The School of Law is the only one of its kind in the UK that is dedicated to legal systems and legal challenges of the developing world, with complementary strengths in human rights, international law and institutions, environmental law and international trade and commerce.
The School has long enjoyed renown as a world-class centre for study and research in comparative (South, Central and East Asia, Africa, Islam and the Middle East), transnational, and international law. Today its staff continue that tradition in a new, globalised environment, contributing to the development of the vital disciplines of 21st-century law, such as international economic law, law and governance, law and conflict, and international commercial law.
We explore a wide range of legal issues bearing on developing states and their place in the world. Specialist fields include trade law, law and development, comparative law, commercial law (including copyright and patent law), human rights, environmental law, Islamic law, dispute resolution and international law, to name but a few.
The School of Law sponsors a number of publications, such as the Journal of African Law and the Yearbook of Islamic and Middle Eastern Law, and has established a number of thematic or regional research centres that reflect the specialist research themes within the School.
In addition, School of Law colleagues co-founded and co-edit the Muslim World Journal of Human Rights, the London Review of International Law, and the Oxford Islamic Legal Studies Series; and co-edit the Journal of Comparative Law and the International Journal of Law, Policy and the Family, and sit on the International Advisory Boards of a number of other scholarly journals.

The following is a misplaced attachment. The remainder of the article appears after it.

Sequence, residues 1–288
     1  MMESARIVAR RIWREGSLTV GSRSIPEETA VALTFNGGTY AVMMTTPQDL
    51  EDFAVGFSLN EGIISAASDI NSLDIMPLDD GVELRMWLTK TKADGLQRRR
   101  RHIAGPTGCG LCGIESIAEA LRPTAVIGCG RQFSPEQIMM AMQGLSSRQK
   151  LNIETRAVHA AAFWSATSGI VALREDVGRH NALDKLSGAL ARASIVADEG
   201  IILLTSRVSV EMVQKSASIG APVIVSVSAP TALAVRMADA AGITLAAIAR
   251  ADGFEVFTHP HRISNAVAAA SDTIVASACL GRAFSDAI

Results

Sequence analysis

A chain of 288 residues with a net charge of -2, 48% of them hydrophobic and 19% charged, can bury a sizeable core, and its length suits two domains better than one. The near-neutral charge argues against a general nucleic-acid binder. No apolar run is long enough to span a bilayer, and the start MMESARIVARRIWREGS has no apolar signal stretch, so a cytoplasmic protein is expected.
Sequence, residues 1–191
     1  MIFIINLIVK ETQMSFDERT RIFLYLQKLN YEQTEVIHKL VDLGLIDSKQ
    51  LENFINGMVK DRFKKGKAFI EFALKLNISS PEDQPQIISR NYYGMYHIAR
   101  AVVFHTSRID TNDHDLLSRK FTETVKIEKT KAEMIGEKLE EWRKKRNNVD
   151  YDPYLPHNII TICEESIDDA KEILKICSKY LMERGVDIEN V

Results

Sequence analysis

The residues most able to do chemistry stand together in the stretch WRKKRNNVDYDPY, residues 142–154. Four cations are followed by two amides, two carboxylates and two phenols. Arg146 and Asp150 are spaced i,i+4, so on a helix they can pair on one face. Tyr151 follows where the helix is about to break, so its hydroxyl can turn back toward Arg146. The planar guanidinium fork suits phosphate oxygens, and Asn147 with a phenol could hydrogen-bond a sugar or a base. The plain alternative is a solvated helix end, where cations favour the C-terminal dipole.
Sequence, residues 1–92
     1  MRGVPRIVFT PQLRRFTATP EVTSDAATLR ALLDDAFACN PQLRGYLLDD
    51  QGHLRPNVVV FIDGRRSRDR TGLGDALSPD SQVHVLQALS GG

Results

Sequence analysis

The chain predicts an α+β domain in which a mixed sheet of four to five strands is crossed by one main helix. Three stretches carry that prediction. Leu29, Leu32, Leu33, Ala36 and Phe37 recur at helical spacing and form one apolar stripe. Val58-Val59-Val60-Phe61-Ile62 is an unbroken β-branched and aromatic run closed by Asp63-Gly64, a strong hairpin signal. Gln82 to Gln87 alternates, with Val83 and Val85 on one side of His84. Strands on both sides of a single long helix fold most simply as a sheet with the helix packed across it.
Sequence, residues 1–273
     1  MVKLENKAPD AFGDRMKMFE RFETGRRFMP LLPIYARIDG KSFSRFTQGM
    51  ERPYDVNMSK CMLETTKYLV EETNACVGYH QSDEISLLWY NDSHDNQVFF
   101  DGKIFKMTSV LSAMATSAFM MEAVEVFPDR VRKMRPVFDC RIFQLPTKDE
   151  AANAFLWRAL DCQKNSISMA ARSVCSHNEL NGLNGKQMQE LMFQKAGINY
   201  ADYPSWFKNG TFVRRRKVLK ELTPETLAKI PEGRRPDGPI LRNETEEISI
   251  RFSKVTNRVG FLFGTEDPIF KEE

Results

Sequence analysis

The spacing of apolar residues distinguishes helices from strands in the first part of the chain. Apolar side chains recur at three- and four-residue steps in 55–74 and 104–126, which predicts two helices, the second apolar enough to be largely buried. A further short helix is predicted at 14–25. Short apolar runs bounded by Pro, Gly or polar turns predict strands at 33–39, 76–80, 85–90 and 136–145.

The School has unrivalled expertise in the field of comparative law (China, Africa, South/ South-East Asia, the Middle East), complemented by a range of experts dealing with issues of international and transnational law. All teachers on courses offered at SOAS are experts in their designated field. Many have years of experience advising governments, international organisations or non-governmental organisations. Many also have professional experience as qualified practitioners.
Among the principal themes of our research and teaching programme are:
Development and Pluralism
The School of Law possesses unmatched expertise in national legal systems of the developing world. This core expertise is combined with critical perspectives (post-colonial, gender, political economy) on the role of law and legal institutions in development policy; culturally-informed analysis of legal functions and institutions in African and Asian jurisdictions; knowledge and awareness of the continuing prestige of religiously-derived legal traditions (especially Islamic); and interest in the field of alternative dispute resolution.
Globalisation, Governance and Transition
The School of Law has considerable expertise in the following fields: International commercial, financial and company law; trade law and WTO; intellectual property law; the UN system, major regional intergovernmental systems (EU, AU, ASEAN) and regime-based institutions and processes from a developing world perspective; law in the context of market transition and democratisation (China, Southeast Asia, Central Asia, Africa).
Human Rights and Environment
The School of Law has an established reputation as a centre of considerable expertise in the field of human rights and the environment. Specialist areas include: economic and social rights, justice and reconciliation, conflict and globalisation, gender equity and women’s role in conflict resolution; international and comparative environmental law in context of development (sustainability); inter-relation of national, regional, and international protection regimes, natural resources. The School of Law co-sponsors the Law, Environment and Development Journal (LEAD) published online.
Law and Colonialism
The School of Law has long been concerned with the legal dimensions of colonial and post-colonial discourse. It offers a range of courses associated with examining the relationship between law, globalisation and the enduring colonial heritage. These include Colonialism, Empire and International Law; Law and Globalisation; Law and Development; Human Rights in the Developing World; and Law, Institutions and the Political Economy of Transition.